Dr. Dayo Olagunju is an education consultant. He said the FCT’s decision to shut down the schools is not the best option. He noted that the decadence prevalent in private schools and government-owned schools is due to the fact that those who are left to manage the sector are not educationists, and as such do not know what it takes to put working structures on ground for the overall benefit of pupils and the country.
He said: “Do you say because somebody has a headache you cut off the head? That’s the way it looks to me. Yes, the schools are not up to standard, according to the FCT. Although, I don’t know their criteria, whether structure wise, teacher/student ratio, quality of teachers, curriculum or whatever. Whatever the reasons, would closing down the schools be the answer? This is the first question one should ask. Would you say because your house is leaking, the only solution is to demolish it? What were you looking at before the house became dilapidated?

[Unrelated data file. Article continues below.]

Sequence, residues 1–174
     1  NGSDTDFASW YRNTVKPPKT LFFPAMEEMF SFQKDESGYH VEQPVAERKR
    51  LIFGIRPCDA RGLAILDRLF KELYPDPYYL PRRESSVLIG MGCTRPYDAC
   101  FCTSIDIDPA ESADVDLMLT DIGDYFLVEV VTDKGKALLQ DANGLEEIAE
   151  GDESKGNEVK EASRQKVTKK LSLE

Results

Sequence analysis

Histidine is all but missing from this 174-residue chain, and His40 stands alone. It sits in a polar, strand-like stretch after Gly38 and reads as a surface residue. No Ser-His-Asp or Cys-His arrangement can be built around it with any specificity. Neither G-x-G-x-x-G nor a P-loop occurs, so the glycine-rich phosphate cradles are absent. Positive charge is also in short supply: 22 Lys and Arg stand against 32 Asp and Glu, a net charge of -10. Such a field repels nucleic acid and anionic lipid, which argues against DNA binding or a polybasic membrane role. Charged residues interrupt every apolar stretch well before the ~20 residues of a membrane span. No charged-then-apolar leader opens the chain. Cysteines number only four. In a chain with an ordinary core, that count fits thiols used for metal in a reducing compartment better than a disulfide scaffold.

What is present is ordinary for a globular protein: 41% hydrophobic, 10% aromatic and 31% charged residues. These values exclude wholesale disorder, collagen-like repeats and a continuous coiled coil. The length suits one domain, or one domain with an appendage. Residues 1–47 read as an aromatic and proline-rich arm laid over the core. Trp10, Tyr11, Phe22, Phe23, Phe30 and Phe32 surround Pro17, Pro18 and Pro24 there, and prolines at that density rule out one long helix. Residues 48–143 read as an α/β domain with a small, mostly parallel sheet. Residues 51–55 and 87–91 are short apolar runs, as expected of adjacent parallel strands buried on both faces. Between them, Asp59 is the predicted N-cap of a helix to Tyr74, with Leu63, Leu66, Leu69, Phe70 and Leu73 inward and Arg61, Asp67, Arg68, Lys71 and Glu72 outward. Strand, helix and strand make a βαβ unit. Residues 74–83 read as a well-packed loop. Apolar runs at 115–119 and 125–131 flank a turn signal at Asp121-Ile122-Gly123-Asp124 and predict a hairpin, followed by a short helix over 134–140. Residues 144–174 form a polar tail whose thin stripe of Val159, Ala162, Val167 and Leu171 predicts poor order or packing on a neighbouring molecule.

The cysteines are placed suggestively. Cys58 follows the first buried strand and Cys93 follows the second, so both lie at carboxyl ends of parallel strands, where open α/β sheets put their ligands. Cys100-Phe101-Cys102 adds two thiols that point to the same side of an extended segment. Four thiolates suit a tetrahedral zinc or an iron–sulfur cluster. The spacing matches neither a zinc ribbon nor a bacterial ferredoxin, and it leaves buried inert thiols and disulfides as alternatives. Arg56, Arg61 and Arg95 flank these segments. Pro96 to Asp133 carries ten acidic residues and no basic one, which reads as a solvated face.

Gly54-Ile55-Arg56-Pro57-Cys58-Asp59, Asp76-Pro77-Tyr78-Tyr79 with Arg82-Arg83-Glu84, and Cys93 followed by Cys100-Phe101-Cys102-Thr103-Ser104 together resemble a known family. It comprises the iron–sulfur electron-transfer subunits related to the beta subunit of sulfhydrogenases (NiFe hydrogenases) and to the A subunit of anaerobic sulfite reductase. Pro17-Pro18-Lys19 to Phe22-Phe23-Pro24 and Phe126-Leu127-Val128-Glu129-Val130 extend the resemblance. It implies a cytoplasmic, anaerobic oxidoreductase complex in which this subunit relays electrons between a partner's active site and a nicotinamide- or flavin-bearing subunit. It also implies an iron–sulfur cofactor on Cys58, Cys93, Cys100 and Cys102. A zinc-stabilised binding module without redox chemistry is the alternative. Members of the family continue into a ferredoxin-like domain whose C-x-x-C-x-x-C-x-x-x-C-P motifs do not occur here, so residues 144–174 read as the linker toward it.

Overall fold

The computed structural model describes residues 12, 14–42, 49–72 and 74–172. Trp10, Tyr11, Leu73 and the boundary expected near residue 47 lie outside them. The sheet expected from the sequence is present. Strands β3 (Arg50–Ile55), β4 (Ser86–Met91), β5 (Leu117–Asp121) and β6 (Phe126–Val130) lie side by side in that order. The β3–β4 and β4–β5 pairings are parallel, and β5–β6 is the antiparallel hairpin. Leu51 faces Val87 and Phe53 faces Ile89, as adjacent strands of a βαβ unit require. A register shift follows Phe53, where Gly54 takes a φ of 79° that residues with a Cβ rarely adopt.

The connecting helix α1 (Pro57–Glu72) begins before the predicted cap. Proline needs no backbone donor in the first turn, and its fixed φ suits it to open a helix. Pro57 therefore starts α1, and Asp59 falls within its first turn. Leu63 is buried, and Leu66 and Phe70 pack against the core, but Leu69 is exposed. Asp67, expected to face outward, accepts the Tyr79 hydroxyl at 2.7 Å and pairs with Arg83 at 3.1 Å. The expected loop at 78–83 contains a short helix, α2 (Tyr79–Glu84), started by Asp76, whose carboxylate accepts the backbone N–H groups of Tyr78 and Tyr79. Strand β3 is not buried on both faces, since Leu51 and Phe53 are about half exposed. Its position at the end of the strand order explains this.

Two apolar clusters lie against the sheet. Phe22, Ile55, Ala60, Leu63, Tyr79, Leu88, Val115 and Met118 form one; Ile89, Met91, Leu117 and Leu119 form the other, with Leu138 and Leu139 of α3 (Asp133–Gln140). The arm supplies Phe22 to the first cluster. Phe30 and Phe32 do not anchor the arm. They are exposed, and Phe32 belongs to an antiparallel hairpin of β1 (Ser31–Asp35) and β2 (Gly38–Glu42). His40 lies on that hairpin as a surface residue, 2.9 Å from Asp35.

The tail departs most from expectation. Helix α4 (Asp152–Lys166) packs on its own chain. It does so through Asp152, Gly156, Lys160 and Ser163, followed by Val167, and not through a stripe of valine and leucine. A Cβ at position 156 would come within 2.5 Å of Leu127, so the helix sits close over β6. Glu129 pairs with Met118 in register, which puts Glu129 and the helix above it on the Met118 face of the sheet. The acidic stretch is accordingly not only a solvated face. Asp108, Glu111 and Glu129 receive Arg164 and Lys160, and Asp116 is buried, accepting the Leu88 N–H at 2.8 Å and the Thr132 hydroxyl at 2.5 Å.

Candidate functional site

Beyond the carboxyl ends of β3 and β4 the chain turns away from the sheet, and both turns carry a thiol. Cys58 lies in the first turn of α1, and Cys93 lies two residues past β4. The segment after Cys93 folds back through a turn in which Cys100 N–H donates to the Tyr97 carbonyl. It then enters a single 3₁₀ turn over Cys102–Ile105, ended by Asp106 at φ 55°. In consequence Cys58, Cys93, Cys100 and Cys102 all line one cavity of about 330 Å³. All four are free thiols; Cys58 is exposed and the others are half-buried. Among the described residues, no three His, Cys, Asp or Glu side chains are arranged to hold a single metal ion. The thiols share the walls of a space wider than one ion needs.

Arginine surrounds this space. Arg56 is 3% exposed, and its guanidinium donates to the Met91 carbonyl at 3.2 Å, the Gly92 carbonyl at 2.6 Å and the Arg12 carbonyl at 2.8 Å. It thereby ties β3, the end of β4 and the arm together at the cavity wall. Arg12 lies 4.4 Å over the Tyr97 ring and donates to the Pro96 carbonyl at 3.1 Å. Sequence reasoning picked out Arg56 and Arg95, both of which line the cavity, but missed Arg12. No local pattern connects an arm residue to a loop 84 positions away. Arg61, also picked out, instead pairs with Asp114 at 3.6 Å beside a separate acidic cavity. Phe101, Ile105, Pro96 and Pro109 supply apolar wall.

“I am not surprised because presently in Nigeria, people have already rented out their common sense. This is a country where we think that everything that is commercialised is better, and so education has been commercialised. The rich and middle-class feel that the moment money comes into their hands, the next thing to do is establish schools. And when they advertise the schools, you hear things like air-conditioned classrooms, computer for every student and others. And I can’t help but wonder what education is turning to. Nigeria is in the tropical region where we have more heat than cold, and air-condition is a disincentive in the classroom; it becomes too cozy, and the tendency for students to sleep is very high. All we need are roomy and airy classrooms with doors on opposite sides and windows for proper cross-ventilation.